Knitwear designer Martin Storey – an interview

Top knitwear designer Martin Storey, is interviewed by Annie Windley, who just happens to be an old friend of his!

Martin Storey and Annie Windley on Rowan stand at Knitting & Stitching Show

Martin Storey and Annie Windley

I love knitting patterns and designs. Always have, since the moment my grandmother taught me how to cast on at the age of 6 and started me on a lifetime of knitting adventures. Over the years, there have been certain designers whose patterns jump out and demand to be made.

So it was that I was immediately drawn to the intricate cabling, glorious colourwork and wearable shapes of certain designs I came across in a Rowan Magazine some years ago.

I was delighted to discover that Martin Storey was the designer, because he and I go back a long way… from before Martin even thought of studying fashion…

We caught up when he visited Crouch End one weekend, and chatted over a coffee or two at Edith’s House Cafe…(sadly it’s now closed down – it was one of my favourites!)

Martin Storey cafetier cosy

Martin Storey cafetiere cosy from his book Learn To Knit Arans

Martin Storey – the early days

Like me, Martin learned knitting and needlecraft early.

‘Mrs Cross taught me to knit at infant school when I was about 6. All the boys and girls learnt basic sewing, and cross stitch, too.

‘Our first project was a dishcloth. And I’ve still got the tie-dyed beach bag that I embroidered on at school when I was about 7.’

Again, just like me, Martin went on to knit clothes for Sindy dolls, which were all the rage back then.

Sindy patterns from 70s

Sindy outfits from vintage knitting pattern books

‘The oldest knitted project that I have is from when I was about 9 or 10 – I made an outfit for Sindy’s boyfriend Paul. He’s still got his knitted sweater and trousers!’

SIndy and Paul knitting pattern skiwear

An old Sindy and Paul knitting pattern

And Martin’s kept hold of some of those original patterns.

‘I’ve got various patterns from the 60s and 70s. They almost need framing. I still buy vintage patterns when I find them in second-hand shops, too.

vintage Sindy knitting patterns

Vintage dolls knitting patterns

Picking up the knitting again

Martin didn’t continue knitting through his teens, though. At the time we first met, when I was at college in Lincoln in the late 70s, he’d only recently begun knitting again, in mohair – that being the yarn of the moment back then.

At that time, I was going out with one of Martin’s best friends – Jonathan – for whom I’d knitted a special Patricia Roberts tank top covered in grapes and bunches of cherries. I was delighted to hear that this garment seems in some way to have had an influence in Martin’s choice of career direction…

Fruit machine pattern by Patricia Roberts which influenced Martin Storey

Fruit Machine top and jumper by Patricia Roberts

‘It was when I saw the Patricia Roberts Fruit Machine top you’d knitted for Jonathan that I became really interested in her designs and it launched me into serious knitting.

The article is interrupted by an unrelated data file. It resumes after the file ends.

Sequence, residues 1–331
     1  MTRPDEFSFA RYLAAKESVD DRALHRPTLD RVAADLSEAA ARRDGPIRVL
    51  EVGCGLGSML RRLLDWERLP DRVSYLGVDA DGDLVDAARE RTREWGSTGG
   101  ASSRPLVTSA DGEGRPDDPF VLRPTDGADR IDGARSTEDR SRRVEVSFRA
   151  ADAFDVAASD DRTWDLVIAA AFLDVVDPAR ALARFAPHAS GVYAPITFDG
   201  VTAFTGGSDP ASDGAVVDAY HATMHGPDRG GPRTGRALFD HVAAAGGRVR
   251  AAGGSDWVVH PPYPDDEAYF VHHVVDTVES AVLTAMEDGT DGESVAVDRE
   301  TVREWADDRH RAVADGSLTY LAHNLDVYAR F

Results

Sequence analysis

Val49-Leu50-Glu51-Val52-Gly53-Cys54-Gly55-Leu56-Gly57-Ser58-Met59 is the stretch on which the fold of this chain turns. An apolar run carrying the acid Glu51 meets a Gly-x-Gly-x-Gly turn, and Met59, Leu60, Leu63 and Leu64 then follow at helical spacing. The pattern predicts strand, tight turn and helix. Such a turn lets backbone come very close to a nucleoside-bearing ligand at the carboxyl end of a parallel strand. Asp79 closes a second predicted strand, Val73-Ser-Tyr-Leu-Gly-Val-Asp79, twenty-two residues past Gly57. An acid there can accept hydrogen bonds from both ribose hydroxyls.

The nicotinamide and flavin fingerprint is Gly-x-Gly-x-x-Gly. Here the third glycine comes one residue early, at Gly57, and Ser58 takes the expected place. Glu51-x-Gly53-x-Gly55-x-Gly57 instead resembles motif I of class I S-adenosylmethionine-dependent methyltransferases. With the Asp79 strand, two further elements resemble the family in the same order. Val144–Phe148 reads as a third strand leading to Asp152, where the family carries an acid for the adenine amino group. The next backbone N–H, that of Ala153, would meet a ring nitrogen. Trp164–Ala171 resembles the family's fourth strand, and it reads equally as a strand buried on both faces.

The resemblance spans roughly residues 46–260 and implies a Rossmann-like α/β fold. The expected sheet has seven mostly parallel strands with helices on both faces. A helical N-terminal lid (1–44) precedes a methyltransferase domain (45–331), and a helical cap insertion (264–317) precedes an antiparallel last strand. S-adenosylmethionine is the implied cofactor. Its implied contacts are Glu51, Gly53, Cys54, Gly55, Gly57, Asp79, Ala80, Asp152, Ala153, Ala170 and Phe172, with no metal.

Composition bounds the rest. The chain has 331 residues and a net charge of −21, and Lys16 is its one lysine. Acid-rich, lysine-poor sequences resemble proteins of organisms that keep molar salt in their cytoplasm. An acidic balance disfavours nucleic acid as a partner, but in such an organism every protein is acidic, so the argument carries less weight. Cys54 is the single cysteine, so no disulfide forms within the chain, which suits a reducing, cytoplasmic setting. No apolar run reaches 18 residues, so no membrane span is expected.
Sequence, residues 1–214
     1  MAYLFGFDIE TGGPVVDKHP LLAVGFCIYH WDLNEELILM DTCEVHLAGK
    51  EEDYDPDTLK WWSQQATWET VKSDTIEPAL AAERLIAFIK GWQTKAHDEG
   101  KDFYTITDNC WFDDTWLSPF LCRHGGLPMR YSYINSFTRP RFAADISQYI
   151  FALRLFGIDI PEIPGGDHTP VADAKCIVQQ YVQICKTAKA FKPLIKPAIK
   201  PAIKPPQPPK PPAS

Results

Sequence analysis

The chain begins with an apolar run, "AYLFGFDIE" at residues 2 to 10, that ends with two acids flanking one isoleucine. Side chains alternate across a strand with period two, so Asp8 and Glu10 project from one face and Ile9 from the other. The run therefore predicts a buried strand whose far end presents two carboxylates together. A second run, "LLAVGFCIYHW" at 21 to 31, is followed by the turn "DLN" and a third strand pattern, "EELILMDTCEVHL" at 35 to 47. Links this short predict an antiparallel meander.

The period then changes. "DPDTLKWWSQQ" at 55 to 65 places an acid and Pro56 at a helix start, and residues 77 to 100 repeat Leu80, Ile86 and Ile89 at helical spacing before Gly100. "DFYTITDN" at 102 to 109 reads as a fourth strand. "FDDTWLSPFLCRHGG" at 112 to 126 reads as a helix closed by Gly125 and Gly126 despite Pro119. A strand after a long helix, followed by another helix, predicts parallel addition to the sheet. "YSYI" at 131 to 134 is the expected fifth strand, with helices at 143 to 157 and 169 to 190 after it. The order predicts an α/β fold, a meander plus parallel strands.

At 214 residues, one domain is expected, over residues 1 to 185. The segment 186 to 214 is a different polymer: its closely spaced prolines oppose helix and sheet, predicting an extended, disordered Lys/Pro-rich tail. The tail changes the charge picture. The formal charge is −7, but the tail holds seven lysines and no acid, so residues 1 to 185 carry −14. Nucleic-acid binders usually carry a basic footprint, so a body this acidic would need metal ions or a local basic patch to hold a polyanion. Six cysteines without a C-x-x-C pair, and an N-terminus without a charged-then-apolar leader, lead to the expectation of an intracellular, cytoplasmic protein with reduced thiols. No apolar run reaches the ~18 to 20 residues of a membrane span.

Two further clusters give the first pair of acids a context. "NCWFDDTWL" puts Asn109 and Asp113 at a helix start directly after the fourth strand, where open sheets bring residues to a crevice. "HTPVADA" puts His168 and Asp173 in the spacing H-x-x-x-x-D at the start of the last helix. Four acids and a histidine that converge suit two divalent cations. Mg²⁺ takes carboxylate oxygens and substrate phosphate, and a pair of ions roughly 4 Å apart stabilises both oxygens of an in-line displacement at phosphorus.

‘I thought, “This is great”.

‘I’ve never had a problem with reading charts and patterns, you see. If you gave me an equation, I wouldn’t have a clue. But with knitting, I can visualise the stitches on the needles and how they work.

‘Before then, all the patterns being published in magazines were mostly just boring shapes, but suddenly there were all these colours, and quirky shapes and textures. Patricia Roberts was a pioneer and her patterns really got me hooked on hand knitting.

Career choices loom

A career in fashion was still not at the forefront of Martin’s plans for the future.

‘At that time, I didn’t know what I wanted to do. My dad was a pig farmer and a friend of his suggested me getting some experience in an auctioneering firm in Driffield, concentrating on the agricultural side, and markets.

‘I went to auctioneering college, but lasted a term. I came home with my tail between my legs.

‘In the end my parents told me to just come home and work on the farm.

‘But that year, a friend had just started doing a Fine Art course and encouraged me to take up art again. I began an evening A-level art course, but then someone who was studying fashion explained I could apply for a foundation course instead. I went in for an interview with all my knitting and photos of things I’d done, as, at that point, I didn’t even have a portfolio!

‘After explaining to my mum and dad that my heart wasn’t in farming, they gave me their blessing to go to Hull to do the foundation with the view that I’d “get it out of my system”.

‘Unfortunately for them, I didn’t!’

Fashion takes centre stage

‘Even though, by that time, I was 22, and thought I may have left it too late to pursue a career in fashion, I applied to Middlesex to do a fashion degree and got in.

‘I nearly swapped onto the constructive textiles course, which covered knitting, but I’m glad I stayed on the original course, as it taught me to go out and do research and to actually look around, rather than trying to pluck ideas out of the ether.